Branch: U. S. Army

   Rank:  Staff Sargeant

   Status: Killed in action

   Date of Service: WWII

   Home Town: Weme

1. Arthur Stolan’s headstone at Fort Snelling National Cemetery 2. Arthur Stolan

Arthur Leonard Stolan was born March 30, 1914 in Berner, Minnesota to parents Alfred and Cora Myrtle Ask Stolan. Cora Ask Stolan was born and raised in Winsor Township, Clearwater County, her family having come to the area in 1896. Alfred was born Portland, Traill County, North Dakota but raised on a farm in Queen Township, Polk County, Minnesota by parents of Norwegian heritage.   

Alfred and Cora had four children: Arthur, Clifford, Ruth and Hazel. The family lived in Weme on a farm in Section 22 of Queen Township not far from Cross and Perch Lakes. They attended Bethlehem Lutheran Church. Arthur completed elementary school through grade six.

When Arthur grew to adulthood he found a job as a laborer on road construction in Duluth. He had an uncle living in Proctor, his dad’s brother Adolph and his wife Ella. Adolph worked for the Duluth, Mesabe and Iron Range Railway hauling iron ore and taconite to the Great Lakes ports of Duluth and Two Harbors from the Soudan Mine at Tower, Minnesota. By 1938 Arthur had also gained employment at the same company.

Arthur registered for the draft in St. Louis County in 1940 at age 26. He reported that he was 5’11”, 180 pounds, with hazel eyes and brown hair.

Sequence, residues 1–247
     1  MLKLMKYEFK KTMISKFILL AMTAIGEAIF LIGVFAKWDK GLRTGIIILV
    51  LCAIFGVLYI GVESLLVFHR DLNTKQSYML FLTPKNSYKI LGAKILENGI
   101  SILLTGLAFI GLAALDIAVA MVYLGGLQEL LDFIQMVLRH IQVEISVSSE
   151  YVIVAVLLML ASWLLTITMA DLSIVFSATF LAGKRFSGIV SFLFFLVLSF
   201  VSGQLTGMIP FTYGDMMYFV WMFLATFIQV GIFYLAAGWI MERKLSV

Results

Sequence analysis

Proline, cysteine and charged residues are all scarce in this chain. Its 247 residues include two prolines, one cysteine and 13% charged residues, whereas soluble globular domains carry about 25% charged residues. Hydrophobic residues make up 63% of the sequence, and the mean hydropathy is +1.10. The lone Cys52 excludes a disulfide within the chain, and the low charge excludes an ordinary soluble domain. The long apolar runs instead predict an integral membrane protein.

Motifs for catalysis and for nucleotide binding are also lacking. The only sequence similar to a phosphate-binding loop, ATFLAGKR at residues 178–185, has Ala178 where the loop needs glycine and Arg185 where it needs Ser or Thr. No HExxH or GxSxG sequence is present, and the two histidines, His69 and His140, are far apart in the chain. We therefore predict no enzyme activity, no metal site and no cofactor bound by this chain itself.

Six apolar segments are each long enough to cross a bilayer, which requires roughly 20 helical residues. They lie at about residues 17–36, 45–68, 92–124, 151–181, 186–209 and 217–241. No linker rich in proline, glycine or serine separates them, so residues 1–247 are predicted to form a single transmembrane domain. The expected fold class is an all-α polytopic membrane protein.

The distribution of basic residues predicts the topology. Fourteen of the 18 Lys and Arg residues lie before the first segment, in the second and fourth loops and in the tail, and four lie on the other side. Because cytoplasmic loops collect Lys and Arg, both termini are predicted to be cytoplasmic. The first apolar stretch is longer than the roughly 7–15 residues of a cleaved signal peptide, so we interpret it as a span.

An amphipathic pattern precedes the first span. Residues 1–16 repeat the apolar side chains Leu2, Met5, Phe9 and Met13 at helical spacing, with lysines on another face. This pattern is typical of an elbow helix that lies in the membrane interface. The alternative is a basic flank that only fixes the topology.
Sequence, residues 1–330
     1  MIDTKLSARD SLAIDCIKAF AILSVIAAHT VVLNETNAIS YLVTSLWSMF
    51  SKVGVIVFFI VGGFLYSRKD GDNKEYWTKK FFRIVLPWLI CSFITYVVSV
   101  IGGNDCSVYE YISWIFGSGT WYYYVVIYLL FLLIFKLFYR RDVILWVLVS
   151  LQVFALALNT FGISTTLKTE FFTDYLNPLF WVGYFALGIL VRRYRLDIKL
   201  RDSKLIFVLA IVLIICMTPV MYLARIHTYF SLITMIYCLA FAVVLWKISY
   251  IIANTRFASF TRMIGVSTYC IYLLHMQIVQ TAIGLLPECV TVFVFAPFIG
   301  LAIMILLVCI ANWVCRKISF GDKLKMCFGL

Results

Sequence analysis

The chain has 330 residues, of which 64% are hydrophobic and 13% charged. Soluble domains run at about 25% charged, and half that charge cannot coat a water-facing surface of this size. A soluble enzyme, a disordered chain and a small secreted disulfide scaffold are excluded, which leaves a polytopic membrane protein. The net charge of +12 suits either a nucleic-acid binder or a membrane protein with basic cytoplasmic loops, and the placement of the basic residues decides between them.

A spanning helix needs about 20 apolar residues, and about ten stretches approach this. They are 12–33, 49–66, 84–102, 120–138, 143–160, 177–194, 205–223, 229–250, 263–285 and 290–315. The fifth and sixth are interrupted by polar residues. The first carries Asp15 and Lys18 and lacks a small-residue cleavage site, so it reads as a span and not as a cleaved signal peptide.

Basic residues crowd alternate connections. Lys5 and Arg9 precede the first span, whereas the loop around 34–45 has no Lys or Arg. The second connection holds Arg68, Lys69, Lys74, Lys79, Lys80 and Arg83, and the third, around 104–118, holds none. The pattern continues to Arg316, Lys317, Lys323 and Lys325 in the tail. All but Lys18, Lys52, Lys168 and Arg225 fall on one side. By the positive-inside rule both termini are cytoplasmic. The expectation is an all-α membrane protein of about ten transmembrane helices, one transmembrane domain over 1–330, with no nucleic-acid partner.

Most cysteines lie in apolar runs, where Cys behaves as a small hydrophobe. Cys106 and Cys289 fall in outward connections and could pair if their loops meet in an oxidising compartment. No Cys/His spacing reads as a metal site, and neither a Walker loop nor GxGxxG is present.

It wasn’t long before Arthur was a member of the 32nd Armored Regiment, assigned to the 3rd Armored Division. The 32nd trained at Camp Beauregard and Camp Polk, Louisiana, Desert Center, California, Camp Pickett, Virginia and Indiantown Gap, Pennsylvania until September 5, 1943, when they sailed to England on the RMMV Capetown Castle, a British passenger liner requisitioned for troop transportation. There they underwent nine more months of pre-invasion training on the Salisbury Plain before their baptism of fire at Normandy on June 29, 1944.

The 3rd Armored Division spearheaded the First Army through Normandy, taking part in a number of engagements, including the Battle of Saint Lô in mid-July, where it suffered significant casualties. The unit had to develop a method of overcoming the vast thickets of brush and earth of the French hedgerows, so they took the large I-Beam invasion barriers from the beaches at Normandy and welded them to the front of their tanks to make large crossing rams. They would hit the hedgerows at high speed.

Staff Sergeant Arthur L. Stolan took part in Operation Cobra, a plan to break through German defenses and advance into Brittany. Operation Cobra was ultimately successful, but Arthur’s family was notified by the Army that he was killed in action on August 3, 1944 near Marigny, France. Funeral services were held for Arthur and when his body was returned in 1949 he was buried at Fort Snelling National Cemetery. He was 30 years old.